Wednesday, 26 March 2014

Star Wars: Rogue Leader

Post-Launch Review
Star Wars: Rogue Leader (Rogue Squadron II)
Developer: Factor 5 & LucasArts
Released: November 2001


Take command of Rogue Squadron and join the Rebel Alliance's fight against the Empire. Fly a variety of ships in covert missions and dogfights, and face down Star Destroyers and even the Death Star.

At Launch

 Rogue Leader was highly praised, earning average review scores of 90%. As a Gamecube launch title, the graphics were considered extremely impressive, and reviewers enjoyed the sense of immersion created by the surround sound, force feedback, and music from the movie soundtracks. Many critics enjoyed the replayability and the challenge in unlocking the top medals, though some found it too difficult.

Post Launch

Gamecube games get no updates. 

I was a huge fan of the Rogue Squadron series way back in high school, and I think it's safe to say I had mastered the games - gold medals and ace medals all around. So when I found used copies at Toronto Comicon I had to pick them up and replay.

I remember the graphics being pretty amazing when Rogue Leader first came out. They're not so much anymore - landscapes are mostly just bumpy textured surfaces, though buildings are pretty good. I will say it's nice to see so much terrain variety. The ships, though, still look great for a Gamecube game, with good textures and a lot of detail on the models. Music isn't great; the best tracks are the ones lifted from the movies, but it's quite apparent when the game moves to original music, because the synth trumpet is painfully obvious when up against the movie soundtrack.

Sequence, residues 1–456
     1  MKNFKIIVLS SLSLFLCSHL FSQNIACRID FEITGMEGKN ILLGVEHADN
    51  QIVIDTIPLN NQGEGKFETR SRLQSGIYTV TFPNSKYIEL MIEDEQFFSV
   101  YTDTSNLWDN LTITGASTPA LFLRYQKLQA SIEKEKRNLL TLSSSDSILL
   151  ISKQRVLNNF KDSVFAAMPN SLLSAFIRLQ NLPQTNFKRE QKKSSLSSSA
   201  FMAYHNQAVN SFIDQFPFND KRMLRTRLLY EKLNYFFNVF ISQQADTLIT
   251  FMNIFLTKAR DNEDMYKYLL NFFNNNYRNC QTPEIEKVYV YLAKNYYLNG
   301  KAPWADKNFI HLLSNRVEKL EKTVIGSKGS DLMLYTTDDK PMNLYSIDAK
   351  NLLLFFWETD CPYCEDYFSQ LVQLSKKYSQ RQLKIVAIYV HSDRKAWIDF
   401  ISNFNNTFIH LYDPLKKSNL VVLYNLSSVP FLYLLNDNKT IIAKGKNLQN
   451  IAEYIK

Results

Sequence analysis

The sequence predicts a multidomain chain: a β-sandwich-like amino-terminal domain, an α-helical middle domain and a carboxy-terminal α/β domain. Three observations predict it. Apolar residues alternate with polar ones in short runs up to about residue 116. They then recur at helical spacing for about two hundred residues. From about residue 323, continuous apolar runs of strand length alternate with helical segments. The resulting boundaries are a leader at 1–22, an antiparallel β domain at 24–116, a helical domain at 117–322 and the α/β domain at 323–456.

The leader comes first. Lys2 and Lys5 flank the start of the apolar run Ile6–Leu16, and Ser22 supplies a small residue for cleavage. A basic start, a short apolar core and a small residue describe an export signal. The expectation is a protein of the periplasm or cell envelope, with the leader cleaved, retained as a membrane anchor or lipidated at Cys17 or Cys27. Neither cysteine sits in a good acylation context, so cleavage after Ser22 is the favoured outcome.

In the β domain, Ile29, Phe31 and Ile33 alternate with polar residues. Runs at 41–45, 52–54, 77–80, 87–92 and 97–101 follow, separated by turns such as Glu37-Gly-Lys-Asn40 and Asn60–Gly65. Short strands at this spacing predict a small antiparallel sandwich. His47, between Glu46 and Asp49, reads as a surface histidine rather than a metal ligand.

When I first played Rogue Leader I didn't care so much about the story. On playing again it turns out that there really isn't one. It's more a series of missions than a proper story, most following Rogue squad leader Wedge Antilles. Missions are short, most lasting 7 to 12 minutes on reasonably attainable bronze medals. And there are only 10 main missions (with 5 unlockables) so it's very possible to beat the game in a few hours.

Not really selling this game too well, am I? How about this:

Gameplay is damn smooth and action packed. Rogue Leader is an arcade shooter, not a flight simulator, but there's a very good balance of control accessibility and difficulty: you won't struggle to learn to play or to beat most missions, but you'll need to practice and learn the patterns to score gold medals. Ships are well differentiated, with variable speed, turn radius, shield power, and secondary weapons.

The best element of Rogue Leader is its replayability. There's a hidden ship upgrade in each of the core missions. You'll want most of these to help achieve gold medals - advanced shields keep you alive longer, advanced lasers increase your damage, and various homing missiles will help you pick off troublesome targets. The upgrades tend to be well hidden - very few are out in the open, and most will require either flying through a tight space or blowing something up.

I've already mentioned medals, but they aren't just for show - there are a few unlockable ships that can be earned by scoring the right medals on the right missions. These include the Millenium Falcon, the Slave I, Darth Vader's TIE Advanced, and the Imperial Shuttle. The Naboo fighter (from Episode 1) can be unlocked through the training mission (look it up, it's a little complicated) and the regular old TIE fighter can be stolen during the Imperial Academy mission.